Splash

Splash. Touchstone Pictures 1984.

Before watching the movie:

It’s easy to forget that Tom Hanks is in this movie because he’s overshadowed by two big stories: “Disney creates the Touchstone label to distance its core brand from edgier stuff like Splash“, and “Daryl Hannah is gorgeous”.

I think that before The Little Mermaid, it was a common assumption that mermaids were blonde, but I understand that there was a point when this movie owned the image of what a mermaid looked like to the extent that mermaids were blondes because Madison was a blonde, instead of the other way around.

I expect that 28 years later, this movie will look like a soft PG that you might see on Nickelodeon in the afternoon.

After watching the movie:

Allen Bauer’s girlfriend just moved out because he didn’t love her. He’s devastated by the realization that he might be incapable of being in love, and for reasons he doesn’t quite understand, heads to Cape Cod for some soul-searching, where he has an accident and is rescued by a mysterious woman who jumps into the water and swims away. Unbeknownst to him, she is a mermaid, and has a fish tail when wet and legs when dry. A few days later, she shows up in New York, unable to speak English, and carrying only Allen’s wallet as any clue to what to do with her. She quickly learns most of the basics about Allen’s world (mastering English from 6 hours of television), and, while she won’t tell Allen where she’s from, she does tell him that she can only spend six days with him. He falls in love with her in half that time. Meanwhile, an eccentric scientist who saw her in the water is out to prove there is a mermaid in town, even if he has to douse every blonde in New York City.

This movie runs on the kind of dramatic irony I hate. Madison won’t tell Allen she’s a mermaid, which creates the main source of tension because she can’t tell him why she can’t stay more than a week when he’s begging her to marry him. (Incidentally, I thought it was unclear what her time limit was for. I thought it was that she’d be fully human and unable to go home, but it hints slightly more strongly that she’ll die if she doesn’t get back in the sea.)  Then the last act makes a shift like Howard the Duck from “people from different worlds fall in love” to “the military is going to keep her in their lab at any cost for no other reason than that’s what the government does”. It feels like they dropped part of E.T. into the story.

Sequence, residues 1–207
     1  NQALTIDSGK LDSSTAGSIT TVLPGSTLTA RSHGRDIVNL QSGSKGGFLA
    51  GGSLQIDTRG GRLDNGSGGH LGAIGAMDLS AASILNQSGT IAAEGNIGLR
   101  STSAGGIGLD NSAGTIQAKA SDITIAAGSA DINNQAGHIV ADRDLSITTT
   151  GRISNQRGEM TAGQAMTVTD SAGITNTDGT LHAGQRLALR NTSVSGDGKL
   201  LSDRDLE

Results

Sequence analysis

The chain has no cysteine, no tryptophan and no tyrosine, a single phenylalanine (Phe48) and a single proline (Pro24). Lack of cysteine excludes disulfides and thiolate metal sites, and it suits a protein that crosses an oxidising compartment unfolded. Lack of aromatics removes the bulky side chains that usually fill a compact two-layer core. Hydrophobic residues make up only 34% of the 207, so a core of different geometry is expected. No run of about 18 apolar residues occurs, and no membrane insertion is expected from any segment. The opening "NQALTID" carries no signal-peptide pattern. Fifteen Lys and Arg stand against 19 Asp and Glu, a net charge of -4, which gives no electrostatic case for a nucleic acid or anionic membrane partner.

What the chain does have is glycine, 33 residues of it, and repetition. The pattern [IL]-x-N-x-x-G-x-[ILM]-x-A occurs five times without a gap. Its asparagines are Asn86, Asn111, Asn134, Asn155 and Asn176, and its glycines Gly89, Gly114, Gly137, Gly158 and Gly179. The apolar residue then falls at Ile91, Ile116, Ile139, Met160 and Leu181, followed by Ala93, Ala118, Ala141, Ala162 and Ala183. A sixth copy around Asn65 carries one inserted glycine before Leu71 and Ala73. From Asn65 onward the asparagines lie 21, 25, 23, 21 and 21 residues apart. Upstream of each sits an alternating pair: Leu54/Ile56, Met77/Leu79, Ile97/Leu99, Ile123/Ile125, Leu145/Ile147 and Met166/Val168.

However, before that happens, the core of the movie is the love story, which Hanks is there to sell. This seems to be the moment when he learned to be the straight character in a comedy, which from there eventually turned into dramatic roles. Daryl Hannah is at her best acting like a perky tourist from another planet, but she portrays her needless angst well too. John Candy’s lothario manchild plays more like Allen’s cousin than his brother (though I suspect that’s largely because of the physical mismatch), but he gets his moment of maturity later. I really should know more about Eugene Levy. He was a big name back then, and I think I’ve seen him both as he looked at the time of the movie and how he looks now several times before, but I never really noticed him until now.

When it comes to the rating and the Touchstone label, the content feels like they were reveling a bit in what they could get away with in the freedom that comes from not clinging to the squeaky-clean Disney image. There is some language early on, and the big issue is Madison’s nudity, but mostly it’s just suggestive situations and dialogue. If it came out today, the nudity would be just enough to tip it into a soft PG-13. They’d probably either cut it down for a hard PG or bump up everything a bit to fully own the higher rating, which I’d somewhat prefer since this is definitely an adult story, and while I may disagree with the convention, the ratings do imply the intended audience. In the 70s, it would likely have gotten a G and just marketed toward grown-ups.

While I’m a bit turned off by the way the unexplained part of the fantasy ends up more “vague” than “mysterious”, overall this is a funny, enjoyable, and modern retelling of Andersen’s The Little Mermaid, with the slight twist being that it’s told from the human’s perspective.

 

Watch this movie: as an angsty romantic comedy

Don’t watch this movie: for John Candy. As the biggest, most expensive star in the cast, he gets the least screentime.

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